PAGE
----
Archive for July 2nd, 2008

Make no mistake. 

These things were not said in this fashion and were not said in this manner in an interview between Mind Matters editor, Jonah Lehrer and neuroscientist Marco Iacoboni in American Scientist magazine.


What you have here is a reinterpretation of the article as it appeared in American Scientist magazine – with my edits and additions.  Deletions do not show up because they don’t make for a cogent flow of the main idea that I noted in 2006 when this research broke…


[or…] = Square parentheses are all JHB’s

So, here goes…


Neuroscientist Marco Iacoboni discusses mirror neurons, autism and the potentially damaging effects of violent movies.

Mind Matters –  July 1, 2008

Marco Iacoboni, a neuroscientist at the University of California at Los Angeles, is best known for his work on mirror neurons, a small circuit of cells in the premotor cortex and inferior parietal cortex. What makes these cells so interesting is that they are activated both when we perform a certain action—such as smiling or reaching for a cup—and when we observe someone else performing that same action. In other words, they collapse the distinction between seeing and doing. In recent years, Iacoboni has shown that mirror neurons may be an important element of social cognition and that defects in the mirror neuron system may underlie a variety of mental disorders, such as autism. His new book, Mirroring People: The Science of How We Connect to Others, explores these possibilities at length. Mind Matters editor Jonah Lehrer chats with Iacoboni about his research.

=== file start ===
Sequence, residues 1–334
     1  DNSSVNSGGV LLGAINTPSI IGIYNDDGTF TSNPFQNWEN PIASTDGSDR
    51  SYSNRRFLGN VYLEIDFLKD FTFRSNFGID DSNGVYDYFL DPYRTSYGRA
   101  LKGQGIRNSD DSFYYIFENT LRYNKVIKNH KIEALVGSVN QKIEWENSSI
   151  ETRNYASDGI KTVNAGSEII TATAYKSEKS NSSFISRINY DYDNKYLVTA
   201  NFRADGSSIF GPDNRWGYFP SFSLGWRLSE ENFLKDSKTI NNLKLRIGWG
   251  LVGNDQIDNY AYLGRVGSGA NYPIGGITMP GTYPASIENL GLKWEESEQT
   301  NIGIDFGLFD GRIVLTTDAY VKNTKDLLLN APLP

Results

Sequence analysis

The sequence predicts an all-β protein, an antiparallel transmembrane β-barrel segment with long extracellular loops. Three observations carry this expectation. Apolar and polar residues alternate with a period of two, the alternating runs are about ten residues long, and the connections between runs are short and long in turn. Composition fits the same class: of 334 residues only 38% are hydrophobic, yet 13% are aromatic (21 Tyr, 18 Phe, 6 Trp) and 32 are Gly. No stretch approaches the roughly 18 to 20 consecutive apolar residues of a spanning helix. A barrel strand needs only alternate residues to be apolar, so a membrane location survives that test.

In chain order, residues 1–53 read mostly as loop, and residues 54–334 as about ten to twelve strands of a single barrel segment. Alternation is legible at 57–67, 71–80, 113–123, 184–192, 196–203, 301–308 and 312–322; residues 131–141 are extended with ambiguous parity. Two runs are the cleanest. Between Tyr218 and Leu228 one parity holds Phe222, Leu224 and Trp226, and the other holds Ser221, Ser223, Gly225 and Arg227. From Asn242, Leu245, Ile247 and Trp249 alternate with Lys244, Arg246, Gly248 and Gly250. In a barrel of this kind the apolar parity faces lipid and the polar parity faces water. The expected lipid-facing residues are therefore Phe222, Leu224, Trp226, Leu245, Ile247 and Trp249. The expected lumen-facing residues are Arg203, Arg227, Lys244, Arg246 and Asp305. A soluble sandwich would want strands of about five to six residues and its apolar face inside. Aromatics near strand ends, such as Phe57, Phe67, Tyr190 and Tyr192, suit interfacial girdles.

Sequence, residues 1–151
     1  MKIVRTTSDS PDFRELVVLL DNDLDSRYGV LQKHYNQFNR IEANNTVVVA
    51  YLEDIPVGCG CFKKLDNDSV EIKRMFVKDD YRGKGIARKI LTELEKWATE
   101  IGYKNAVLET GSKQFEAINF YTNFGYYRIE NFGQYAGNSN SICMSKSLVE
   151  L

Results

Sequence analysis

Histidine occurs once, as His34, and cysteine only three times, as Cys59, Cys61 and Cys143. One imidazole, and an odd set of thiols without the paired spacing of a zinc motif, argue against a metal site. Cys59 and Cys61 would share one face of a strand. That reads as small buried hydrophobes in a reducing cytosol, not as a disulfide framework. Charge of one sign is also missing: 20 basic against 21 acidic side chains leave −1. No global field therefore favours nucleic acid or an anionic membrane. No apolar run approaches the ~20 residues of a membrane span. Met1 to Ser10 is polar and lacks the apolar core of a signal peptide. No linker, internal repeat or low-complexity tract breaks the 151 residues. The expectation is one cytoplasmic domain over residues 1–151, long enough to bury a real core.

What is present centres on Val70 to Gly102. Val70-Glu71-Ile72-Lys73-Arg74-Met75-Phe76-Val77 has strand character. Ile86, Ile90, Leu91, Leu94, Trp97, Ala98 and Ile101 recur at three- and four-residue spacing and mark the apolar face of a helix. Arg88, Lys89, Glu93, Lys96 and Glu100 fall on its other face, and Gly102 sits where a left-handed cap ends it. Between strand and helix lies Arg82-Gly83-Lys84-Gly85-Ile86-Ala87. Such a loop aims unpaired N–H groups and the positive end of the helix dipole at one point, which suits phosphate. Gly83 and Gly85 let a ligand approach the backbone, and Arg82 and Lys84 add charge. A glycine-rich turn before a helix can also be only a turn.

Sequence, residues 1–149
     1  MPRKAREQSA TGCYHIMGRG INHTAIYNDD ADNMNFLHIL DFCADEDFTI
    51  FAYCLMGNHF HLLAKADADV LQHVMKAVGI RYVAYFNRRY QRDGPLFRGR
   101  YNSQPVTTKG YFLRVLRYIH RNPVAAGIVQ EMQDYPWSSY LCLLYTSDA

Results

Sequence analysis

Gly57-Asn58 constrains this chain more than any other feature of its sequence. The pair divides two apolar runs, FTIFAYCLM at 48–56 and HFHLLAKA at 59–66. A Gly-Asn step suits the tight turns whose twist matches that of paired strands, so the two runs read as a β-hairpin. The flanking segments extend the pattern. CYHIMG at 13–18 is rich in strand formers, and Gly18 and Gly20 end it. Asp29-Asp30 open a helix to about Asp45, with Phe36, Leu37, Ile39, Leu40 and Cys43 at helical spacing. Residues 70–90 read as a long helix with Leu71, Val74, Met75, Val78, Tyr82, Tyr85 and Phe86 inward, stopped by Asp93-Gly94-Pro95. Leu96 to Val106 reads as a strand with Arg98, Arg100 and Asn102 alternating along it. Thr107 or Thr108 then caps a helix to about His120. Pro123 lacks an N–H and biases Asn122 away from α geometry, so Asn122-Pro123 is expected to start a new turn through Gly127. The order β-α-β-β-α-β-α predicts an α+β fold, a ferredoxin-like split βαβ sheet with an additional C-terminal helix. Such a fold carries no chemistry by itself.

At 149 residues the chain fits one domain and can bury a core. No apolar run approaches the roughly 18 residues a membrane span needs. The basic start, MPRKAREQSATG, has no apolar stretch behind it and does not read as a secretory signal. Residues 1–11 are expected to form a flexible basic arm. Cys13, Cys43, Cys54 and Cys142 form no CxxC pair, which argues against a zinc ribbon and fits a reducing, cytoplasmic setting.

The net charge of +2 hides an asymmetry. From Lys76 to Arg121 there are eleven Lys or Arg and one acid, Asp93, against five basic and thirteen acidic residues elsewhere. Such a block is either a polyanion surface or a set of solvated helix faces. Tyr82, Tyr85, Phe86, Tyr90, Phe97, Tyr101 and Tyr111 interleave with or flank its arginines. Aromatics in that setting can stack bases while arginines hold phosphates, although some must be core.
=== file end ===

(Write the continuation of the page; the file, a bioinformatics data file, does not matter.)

LEHRER: What first got you interested in mirror neurons? Did you immediately grasp their explanatory potential?


I actually became interested in mirror neurons gradually. [Neuroscientist] Giacomo Rizzolatti and his group [at the University of Parma in Italy] approached us at the UCLA Brain Mapping Center because they wanted to expand the research on mirror neurons using brain imaging in humans. I thought that mirror neurons were interesting, but I have to confess I was also a bit incredulous. We were at the beginnings of the science on mirror neurons. The properties of these neurons are so amazing that I seriously considered the possibility that they were experimental artifacts. In 1998 I visited Rizzolatti’s lab in Parma, I observed their experiments and findings, talked to the anatomists that were studying the anatomy of the system and I realized that the empirical findings were really solid. At that point I had the intuition that the discovery of mirror neurons was going to revolutionize the way we think about the brain and ourselves. However, it took me some years of experimentation to fully grasp the explanatory potential of mirror neurons in imitation, empathy, language, and so on—in other words in our social life.